Brief History: The "Dollar" Watch
The Evolution of the Low-Cost, High-Volume American Pocket Watch
Though the Ingersoll Watch Company is often credited with the creation of the "Dollar Watch," the efforts to produce a low-cost watch which could be sold in high volume had been underway for years prior to Ingersoll's debut of the $1.50 pocket watch at the 1893 Chicago World's Fair.
Today we take it for granted that everyone owns a watch, but there was a time when watches were expensive and were simply not something the average person could afford. The average wage for skilled workers in the United States in 1880 was around 25-cents an hour*, so a $50 watch could represent more than a month's wages for the average worker! Not to mention some of the fine railroad-grade pocket watches which sold for the unbelievable sum of $100 or more! A fine pocket watch was truly an outlay that only a wealthy person could afford, so there was a pent-up market demand for an inexpensive, reliable watch that would be available and affordable for the common man.
The Auburndale Rotary
In the early 1870's, Jason R. Hopkins had plans to develop and market a watch which would sell for 50-cents, and was granted a patent for its design on July 20, 1875 (Pat. 161513). Hopkins entered into a partnership with financier William Fowle, and the Auberndale Watch Company was created to produce their new watch. The "Auberndale Rotary Watch" was introduced in about 1877. It was a 20-size, 2-jewel watch with detent escapement, and were priced at $10... far beyond Hopkins original goal of 50-cents! Company records indicate that about 1000 of these watches were produced, but few were sold and the venture was considered a failure.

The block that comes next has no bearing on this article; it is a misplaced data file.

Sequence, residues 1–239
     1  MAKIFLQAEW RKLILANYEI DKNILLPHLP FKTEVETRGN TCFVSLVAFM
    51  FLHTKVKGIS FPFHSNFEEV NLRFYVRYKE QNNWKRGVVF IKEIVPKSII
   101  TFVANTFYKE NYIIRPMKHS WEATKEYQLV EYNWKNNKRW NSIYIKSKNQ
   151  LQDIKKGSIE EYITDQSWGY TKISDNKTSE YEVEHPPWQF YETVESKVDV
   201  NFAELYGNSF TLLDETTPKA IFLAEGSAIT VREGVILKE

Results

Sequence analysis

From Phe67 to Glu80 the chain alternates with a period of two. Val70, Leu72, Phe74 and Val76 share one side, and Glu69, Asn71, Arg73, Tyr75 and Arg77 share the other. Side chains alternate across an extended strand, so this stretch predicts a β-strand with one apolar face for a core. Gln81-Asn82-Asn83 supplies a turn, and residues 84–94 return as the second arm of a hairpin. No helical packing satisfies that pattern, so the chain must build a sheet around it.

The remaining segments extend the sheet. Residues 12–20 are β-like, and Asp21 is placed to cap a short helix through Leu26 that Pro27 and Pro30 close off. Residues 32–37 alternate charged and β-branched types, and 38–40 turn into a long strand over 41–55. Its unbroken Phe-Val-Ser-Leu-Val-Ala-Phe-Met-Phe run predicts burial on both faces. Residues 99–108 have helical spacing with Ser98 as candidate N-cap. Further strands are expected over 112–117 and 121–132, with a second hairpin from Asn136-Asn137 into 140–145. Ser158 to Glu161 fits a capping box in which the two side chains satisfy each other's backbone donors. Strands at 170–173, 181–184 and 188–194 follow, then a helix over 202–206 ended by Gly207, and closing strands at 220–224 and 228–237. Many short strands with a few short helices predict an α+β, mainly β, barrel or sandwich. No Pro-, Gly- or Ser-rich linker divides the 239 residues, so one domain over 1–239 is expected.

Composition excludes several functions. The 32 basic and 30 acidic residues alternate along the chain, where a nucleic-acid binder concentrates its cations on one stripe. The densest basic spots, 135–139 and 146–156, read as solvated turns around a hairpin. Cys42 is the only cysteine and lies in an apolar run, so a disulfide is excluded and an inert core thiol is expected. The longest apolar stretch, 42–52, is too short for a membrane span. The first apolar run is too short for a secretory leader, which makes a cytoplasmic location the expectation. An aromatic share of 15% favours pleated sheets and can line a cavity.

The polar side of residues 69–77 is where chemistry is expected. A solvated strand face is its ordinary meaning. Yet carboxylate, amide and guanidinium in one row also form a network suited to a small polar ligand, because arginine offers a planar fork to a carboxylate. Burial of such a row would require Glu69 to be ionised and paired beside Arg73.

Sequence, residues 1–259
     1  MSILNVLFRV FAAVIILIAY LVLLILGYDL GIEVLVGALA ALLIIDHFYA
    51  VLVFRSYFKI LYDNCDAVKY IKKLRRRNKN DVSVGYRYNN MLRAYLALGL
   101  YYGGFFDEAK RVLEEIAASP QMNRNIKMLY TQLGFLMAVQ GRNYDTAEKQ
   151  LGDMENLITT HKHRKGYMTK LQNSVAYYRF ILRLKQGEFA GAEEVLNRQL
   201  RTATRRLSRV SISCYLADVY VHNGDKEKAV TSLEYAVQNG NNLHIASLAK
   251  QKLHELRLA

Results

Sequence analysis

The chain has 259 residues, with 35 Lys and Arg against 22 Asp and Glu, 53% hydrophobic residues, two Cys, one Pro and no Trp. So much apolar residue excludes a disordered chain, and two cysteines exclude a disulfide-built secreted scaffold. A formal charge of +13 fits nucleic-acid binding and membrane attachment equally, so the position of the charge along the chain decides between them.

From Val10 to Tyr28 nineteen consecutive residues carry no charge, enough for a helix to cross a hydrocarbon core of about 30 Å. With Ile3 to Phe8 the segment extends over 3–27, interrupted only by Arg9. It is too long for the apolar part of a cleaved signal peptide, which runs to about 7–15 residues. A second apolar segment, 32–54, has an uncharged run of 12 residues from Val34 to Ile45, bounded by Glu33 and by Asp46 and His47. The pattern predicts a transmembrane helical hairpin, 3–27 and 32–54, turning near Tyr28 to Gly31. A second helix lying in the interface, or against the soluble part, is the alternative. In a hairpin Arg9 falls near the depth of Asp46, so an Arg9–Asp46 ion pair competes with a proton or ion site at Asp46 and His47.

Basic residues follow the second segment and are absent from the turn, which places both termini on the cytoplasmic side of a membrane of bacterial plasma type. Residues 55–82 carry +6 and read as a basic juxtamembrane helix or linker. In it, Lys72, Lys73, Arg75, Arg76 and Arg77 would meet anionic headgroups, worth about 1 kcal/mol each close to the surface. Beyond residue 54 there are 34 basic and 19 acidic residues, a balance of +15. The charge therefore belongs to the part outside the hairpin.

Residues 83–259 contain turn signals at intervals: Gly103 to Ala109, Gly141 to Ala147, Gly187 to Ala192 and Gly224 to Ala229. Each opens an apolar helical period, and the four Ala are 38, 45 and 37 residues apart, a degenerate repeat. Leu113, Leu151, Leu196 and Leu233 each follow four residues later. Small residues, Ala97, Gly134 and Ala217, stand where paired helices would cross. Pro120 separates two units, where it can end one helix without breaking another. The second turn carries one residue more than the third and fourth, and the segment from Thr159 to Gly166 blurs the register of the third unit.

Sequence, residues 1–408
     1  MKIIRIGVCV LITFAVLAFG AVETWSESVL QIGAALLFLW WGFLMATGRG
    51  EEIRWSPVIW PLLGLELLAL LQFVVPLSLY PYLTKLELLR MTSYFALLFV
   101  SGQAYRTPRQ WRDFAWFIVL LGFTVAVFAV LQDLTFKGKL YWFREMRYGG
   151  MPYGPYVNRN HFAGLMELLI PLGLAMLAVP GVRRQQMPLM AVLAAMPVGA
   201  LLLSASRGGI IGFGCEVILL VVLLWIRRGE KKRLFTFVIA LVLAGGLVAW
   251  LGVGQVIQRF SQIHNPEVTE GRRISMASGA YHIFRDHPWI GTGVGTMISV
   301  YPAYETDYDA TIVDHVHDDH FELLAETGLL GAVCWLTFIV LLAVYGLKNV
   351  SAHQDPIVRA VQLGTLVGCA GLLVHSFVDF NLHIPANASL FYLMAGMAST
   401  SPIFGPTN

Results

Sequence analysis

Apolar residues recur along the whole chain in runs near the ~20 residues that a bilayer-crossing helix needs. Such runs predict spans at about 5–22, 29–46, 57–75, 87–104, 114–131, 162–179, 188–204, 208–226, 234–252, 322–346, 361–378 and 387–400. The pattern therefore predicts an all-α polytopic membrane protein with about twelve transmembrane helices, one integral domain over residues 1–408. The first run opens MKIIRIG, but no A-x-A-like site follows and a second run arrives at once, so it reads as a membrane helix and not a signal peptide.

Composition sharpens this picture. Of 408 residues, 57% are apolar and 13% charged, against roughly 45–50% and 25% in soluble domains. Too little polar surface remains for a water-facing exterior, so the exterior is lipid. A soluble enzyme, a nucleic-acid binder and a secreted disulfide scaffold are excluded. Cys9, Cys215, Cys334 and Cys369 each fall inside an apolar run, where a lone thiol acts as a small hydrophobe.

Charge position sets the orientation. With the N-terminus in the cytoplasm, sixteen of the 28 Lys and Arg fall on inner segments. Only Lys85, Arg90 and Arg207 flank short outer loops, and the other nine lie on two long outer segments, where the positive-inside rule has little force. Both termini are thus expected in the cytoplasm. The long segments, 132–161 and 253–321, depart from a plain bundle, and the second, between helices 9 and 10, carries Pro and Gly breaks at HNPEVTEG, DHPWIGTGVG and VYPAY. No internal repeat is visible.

Waterbury Watch Company
At about the same time, Edward Locke of Boston and George Merritt of Brooklyn were also making plans to produce an inexpensive watch for the common-man that would sell in the $3-$4 range, at a time when the cheapest watch in America sold for $10... a still-significant sum. Merritt had been an early investor in Hopkins "Rotary" watch, and worked with Locke and D.A.A. Buck to complete a model of their watch in the fall of 1877. The watch was a duplex escapement with rotary movement that turned in the case once per hour. The mainspring was 9-feet long! The first watches of this design were built under contract by the "Benedict & Burnham Mfg. Co" and were sold for $3.50. The watch achieved some commercial success, and in March 1880 the "Waterbury Watch Company" was created to supply these watches in sufficient volume to meet the increased demand.